A malware researcher has discovered a spamming operation that has been drawing on a list of 711.5 million email addresses.
The scale of the scheme appears to make it the biggest find of its kind.
The addresses – and in some cases associated passwords – have apparently been gathered to help spread banking malware.
Members of the public can check if their accounts have been affected via the Have I Been Pwned service.
Its operator, Troy Hunt, acknowledged that some of the listed addresses corresponded to non-existent accounts.
But he added that the number that had been collated still totalled a “mind-boggling amount”.
The Spambot discovery was first flagged by a Paris-based security expert who calls himself Benkow.
It was then brought to wider attention by the ZDnet news site.
The database of 711 million user details can be divided in two.
In cases where the attackers know only an email address, they can only target the owner with spam in the hope of tricking them into revealing more information.
But in cases where they also have the user’s login password and other details, they can secretly hijack their accounts to aid their campaign via a spambot known as Onliner.
Benkow acknowledged that it was “difficult to know where [the] credentials had come from”, but suggested that they might have been gathered from previous leaks, a Facebook phishing campaign and illegal sales of hacking victims’ details.
In some cases, the perpetrators had gathered details of the accounts’ simple mail transfer protocol (SMTP) server and port settings.
This information could be used to fool email providers’ spam-detecting systems into letting messages through that might otherwise have been blocked.
“While the list of mailable addresses is quite large, it is probably no larger than any seen previously,” Richard Cox, former chief information officer of the Spamhaus project, told the BBC.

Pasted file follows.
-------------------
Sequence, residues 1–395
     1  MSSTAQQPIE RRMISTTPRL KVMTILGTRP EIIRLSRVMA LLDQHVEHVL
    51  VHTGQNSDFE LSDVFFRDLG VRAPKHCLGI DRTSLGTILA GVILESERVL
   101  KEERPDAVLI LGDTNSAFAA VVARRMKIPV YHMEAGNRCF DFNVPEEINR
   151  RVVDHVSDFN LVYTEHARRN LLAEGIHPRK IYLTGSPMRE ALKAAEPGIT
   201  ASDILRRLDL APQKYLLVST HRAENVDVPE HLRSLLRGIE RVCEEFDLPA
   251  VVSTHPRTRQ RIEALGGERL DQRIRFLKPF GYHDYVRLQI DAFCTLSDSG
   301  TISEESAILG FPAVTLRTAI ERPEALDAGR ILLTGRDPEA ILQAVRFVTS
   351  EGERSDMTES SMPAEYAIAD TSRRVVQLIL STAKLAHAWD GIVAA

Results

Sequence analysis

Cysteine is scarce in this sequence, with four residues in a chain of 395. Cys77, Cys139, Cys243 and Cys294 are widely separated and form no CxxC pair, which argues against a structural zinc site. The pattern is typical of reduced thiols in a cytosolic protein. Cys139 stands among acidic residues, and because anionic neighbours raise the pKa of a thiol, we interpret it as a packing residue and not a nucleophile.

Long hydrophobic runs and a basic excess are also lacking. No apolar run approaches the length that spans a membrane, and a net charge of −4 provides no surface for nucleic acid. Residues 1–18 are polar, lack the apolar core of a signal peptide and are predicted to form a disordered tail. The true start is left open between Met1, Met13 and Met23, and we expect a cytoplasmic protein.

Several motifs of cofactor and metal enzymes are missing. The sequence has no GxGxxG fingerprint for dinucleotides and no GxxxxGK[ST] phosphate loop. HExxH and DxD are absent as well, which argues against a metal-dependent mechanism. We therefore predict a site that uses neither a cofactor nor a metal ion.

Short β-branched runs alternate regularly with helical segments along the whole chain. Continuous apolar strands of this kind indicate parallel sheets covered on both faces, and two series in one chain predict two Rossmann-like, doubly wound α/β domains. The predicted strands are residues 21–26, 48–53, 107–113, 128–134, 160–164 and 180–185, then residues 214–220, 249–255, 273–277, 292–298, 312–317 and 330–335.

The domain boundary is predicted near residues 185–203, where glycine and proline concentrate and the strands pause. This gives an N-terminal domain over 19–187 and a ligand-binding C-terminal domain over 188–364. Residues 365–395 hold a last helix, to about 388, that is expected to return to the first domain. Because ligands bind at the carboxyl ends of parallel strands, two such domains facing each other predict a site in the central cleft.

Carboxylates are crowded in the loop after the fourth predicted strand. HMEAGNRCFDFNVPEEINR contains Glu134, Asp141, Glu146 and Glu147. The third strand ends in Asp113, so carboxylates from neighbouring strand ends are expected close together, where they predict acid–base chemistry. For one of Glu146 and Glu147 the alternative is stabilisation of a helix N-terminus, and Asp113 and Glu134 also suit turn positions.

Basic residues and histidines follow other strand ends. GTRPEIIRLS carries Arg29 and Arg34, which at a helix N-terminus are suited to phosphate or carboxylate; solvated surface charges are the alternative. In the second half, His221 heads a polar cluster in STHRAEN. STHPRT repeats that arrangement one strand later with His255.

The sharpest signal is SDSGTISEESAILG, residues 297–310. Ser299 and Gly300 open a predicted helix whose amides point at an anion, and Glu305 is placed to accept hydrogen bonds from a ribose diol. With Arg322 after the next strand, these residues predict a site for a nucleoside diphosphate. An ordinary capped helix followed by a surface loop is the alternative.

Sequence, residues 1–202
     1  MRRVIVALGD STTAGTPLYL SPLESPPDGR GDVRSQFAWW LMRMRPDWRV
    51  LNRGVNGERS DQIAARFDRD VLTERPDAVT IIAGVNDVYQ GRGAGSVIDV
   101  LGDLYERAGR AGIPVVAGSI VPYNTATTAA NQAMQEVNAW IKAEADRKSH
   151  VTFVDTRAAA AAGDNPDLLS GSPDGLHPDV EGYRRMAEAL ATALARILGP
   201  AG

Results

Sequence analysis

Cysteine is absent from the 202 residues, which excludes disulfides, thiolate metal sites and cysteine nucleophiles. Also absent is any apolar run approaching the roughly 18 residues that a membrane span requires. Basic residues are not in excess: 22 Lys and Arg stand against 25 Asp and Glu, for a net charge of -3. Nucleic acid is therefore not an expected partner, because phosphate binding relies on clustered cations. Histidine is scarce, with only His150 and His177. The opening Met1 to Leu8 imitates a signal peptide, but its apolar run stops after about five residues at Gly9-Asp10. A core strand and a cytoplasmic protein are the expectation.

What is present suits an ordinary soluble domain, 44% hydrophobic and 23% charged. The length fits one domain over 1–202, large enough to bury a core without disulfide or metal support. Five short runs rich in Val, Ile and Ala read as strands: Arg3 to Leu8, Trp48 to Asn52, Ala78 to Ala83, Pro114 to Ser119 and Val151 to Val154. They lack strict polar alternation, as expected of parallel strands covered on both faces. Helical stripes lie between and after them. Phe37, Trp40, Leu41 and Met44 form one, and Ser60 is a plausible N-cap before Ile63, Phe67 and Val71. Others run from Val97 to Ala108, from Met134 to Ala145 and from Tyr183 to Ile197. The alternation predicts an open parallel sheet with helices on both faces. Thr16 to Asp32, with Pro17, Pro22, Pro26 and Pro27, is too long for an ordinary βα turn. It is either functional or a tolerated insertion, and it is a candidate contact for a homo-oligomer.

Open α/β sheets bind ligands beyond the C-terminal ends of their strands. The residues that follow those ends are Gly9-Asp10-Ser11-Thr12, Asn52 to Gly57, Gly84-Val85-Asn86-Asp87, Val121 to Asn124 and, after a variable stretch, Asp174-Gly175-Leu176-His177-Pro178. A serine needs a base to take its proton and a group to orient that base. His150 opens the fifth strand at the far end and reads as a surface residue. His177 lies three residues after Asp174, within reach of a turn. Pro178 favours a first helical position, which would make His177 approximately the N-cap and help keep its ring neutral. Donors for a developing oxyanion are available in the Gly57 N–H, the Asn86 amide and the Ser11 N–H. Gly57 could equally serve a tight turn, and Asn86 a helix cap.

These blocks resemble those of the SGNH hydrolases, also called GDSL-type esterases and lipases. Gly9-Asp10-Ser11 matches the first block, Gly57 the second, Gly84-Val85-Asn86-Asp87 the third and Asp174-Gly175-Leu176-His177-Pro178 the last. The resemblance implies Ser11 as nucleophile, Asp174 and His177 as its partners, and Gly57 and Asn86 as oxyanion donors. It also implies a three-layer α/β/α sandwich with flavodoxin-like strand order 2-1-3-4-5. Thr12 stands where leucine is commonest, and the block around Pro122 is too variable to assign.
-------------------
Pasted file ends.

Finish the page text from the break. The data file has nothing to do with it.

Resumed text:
“The lists of compromised accounts are more worrying.
“When compromised accounts are used for spam, they can only be stopped by their providers suspending the account – but when that many are involved, it will severely overload the security/abuse departments of those providers, making it a slow process and that is what keeps the spam flowing.”
Benkow added that the Onliner spambot had been hiding tiny pixel-sized images in the emails it had sent out, which were used to harvest information about recipients’ computers.
This meant that the right kinds of malware attachments required to infect different types of devices could be included when follow-up messages masquerading as business invoices were delivered.
Mr Hunt said that the Spambot lists had been tracked to a Netherlands-based computer server, but it had yet to be shut down.
For now, affected users are able to check only if their email addresses have been targeted, but not if their accounts have been hijacked.
But Benkow told the BBC there were still protective steps affected users could take.
“I recommend you to change your password, and be more vigilant with the emails that you receive, now you know that you’re on malware deliverers’ lists,” he said.